State Prosecutor to investigate "spontaneity, truthfulness and completeness" of ex King's tax regularisation

Was this regularisation legal? A 2019 Supreme Court ruling calls it into question.

Juan Carlos I was confident that, with the voluntary declaration presented to the Treasury, he would avoid a lawsuit over his family's use opaque cards. But the ex king's hopes could be dashed. Far from closing the investigation after  paying the Treasury  €678,394, the prosecution has decided to expand it. In a statement, the Public Prosecutor's Office said on Friday that the team of prosecutors who are handling all the cases surrounding the King Emeritus has decided that the Supreme Court's Prosecutor's Office should assess "the spontaneity, truthfulness and completeness" of the regularisation carried out by the former monarch.

Ex King pays €678,394 to the Treasury to avoid a criminal investigation into opaque cards

The terms are not casual. The law states that any citizen may file a voluntary declaration, as long as the Tax Office has not reported them or a complaint has been filed. Doing so is not considered an admission of tax fraud, since it could have been an honest mistake in the tax return and the Treasury rewards the payment to the State's coffers. However, since February 2019 the doctrine of the Supreme Court requires that the payment is made before a citizen knows that there is an investigation.

The notice in early November

It so happens that Juan Carlos I was warned in early November by the Prosecutor's Office of the investigation into the opaque cards. It was just when the case came to light, thanks to information published by eldiario.es. The Supreme Court's Prosecutor's Office will now analyse whether the payment to the Treasury complies with the provisions of Article 305.4 of the Criminal Code, which exculpates the person who pays the debts from the tax offence before "the Public Prosecutor's Office carries out actions that allow it to have formal knowledge of the initiation of proceedings".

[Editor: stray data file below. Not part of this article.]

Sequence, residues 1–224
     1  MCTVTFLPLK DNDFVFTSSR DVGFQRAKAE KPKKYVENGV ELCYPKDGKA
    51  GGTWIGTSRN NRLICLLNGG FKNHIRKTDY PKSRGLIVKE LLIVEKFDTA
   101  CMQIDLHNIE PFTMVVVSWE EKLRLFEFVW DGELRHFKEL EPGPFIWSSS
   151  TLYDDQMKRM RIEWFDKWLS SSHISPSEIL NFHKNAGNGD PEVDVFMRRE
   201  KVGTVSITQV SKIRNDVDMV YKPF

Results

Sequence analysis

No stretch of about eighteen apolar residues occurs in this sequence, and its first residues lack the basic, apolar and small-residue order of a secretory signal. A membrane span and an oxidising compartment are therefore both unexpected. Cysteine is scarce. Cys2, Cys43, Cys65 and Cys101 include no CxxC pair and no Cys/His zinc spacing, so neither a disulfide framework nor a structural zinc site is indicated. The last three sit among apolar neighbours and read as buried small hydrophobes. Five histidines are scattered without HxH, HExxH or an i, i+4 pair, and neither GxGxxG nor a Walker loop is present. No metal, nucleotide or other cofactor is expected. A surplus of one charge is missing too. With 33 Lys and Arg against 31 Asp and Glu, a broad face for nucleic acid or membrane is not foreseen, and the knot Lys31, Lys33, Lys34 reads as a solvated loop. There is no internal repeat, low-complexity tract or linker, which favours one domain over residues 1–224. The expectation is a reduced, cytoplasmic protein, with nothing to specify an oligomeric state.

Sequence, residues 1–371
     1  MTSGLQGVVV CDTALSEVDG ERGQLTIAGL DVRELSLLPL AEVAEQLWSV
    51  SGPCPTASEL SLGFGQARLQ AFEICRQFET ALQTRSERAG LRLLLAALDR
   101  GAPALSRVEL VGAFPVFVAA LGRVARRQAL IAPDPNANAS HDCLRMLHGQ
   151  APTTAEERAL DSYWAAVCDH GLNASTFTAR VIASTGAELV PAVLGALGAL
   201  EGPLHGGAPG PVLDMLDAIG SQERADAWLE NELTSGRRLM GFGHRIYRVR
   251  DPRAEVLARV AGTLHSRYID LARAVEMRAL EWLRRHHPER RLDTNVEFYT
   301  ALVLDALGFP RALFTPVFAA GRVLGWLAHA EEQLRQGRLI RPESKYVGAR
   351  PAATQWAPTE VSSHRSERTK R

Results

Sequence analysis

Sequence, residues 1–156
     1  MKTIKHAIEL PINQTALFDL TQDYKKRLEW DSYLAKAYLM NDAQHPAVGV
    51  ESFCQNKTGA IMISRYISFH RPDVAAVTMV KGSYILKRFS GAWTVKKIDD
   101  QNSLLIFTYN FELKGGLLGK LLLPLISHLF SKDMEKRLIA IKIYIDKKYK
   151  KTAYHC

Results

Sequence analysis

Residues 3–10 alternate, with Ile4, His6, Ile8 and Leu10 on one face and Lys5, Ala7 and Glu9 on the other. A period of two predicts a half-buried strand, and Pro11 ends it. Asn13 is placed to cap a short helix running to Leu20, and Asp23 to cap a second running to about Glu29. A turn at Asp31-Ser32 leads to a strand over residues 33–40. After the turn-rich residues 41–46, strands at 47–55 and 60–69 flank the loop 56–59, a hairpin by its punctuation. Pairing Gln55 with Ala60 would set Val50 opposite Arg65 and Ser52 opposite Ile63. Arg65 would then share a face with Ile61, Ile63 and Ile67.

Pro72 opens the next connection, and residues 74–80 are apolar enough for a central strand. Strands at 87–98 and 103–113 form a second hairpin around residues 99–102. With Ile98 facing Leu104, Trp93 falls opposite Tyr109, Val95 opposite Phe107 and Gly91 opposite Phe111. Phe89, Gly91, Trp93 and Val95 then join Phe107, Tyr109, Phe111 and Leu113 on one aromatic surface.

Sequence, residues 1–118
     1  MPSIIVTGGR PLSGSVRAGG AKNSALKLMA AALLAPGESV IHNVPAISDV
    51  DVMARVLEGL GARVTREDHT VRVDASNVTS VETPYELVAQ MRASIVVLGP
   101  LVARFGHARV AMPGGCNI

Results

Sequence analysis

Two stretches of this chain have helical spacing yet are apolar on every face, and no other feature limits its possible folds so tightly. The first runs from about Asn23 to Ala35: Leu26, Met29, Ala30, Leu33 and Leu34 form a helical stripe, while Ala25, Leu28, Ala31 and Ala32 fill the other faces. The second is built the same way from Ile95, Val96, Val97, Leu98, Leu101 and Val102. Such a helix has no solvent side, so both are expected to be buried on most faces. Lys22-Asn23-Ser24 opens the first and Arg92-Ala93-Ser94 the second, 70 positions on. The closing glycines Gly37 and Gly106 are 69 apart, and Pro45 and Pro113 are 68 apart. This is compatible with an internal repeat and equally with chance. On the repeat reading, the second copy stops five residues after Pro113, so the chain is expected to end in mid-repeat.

If the notification by the Prosecutor's Office is proven (it is currently unknown how it was carried out), the ex king regularisation of his taxes would have to be rejected. A February 2019 precedent exists, in which a Galician businessman regularised his taxes a few days before going to a summons from the Public Prosecutor's Office once he  knew he was being investigated.

However, Supreme Court sources cited by Europa Press, point out that despite the existence of this doctrine, in these cases the existence of a complaint or lawsuit usually prevails. In the case of Juan Carlos I has not occurred. However, there is room for a legal debate on the subject before announcing whether or not the investigation into opaque cards, which also affected Queen Sofia and some of the ex King's grandchidren, will go ahead. There is an additional investigation into €65m in fees allegedly received by the former monarch for mediating in the high speed train to Mecca project.

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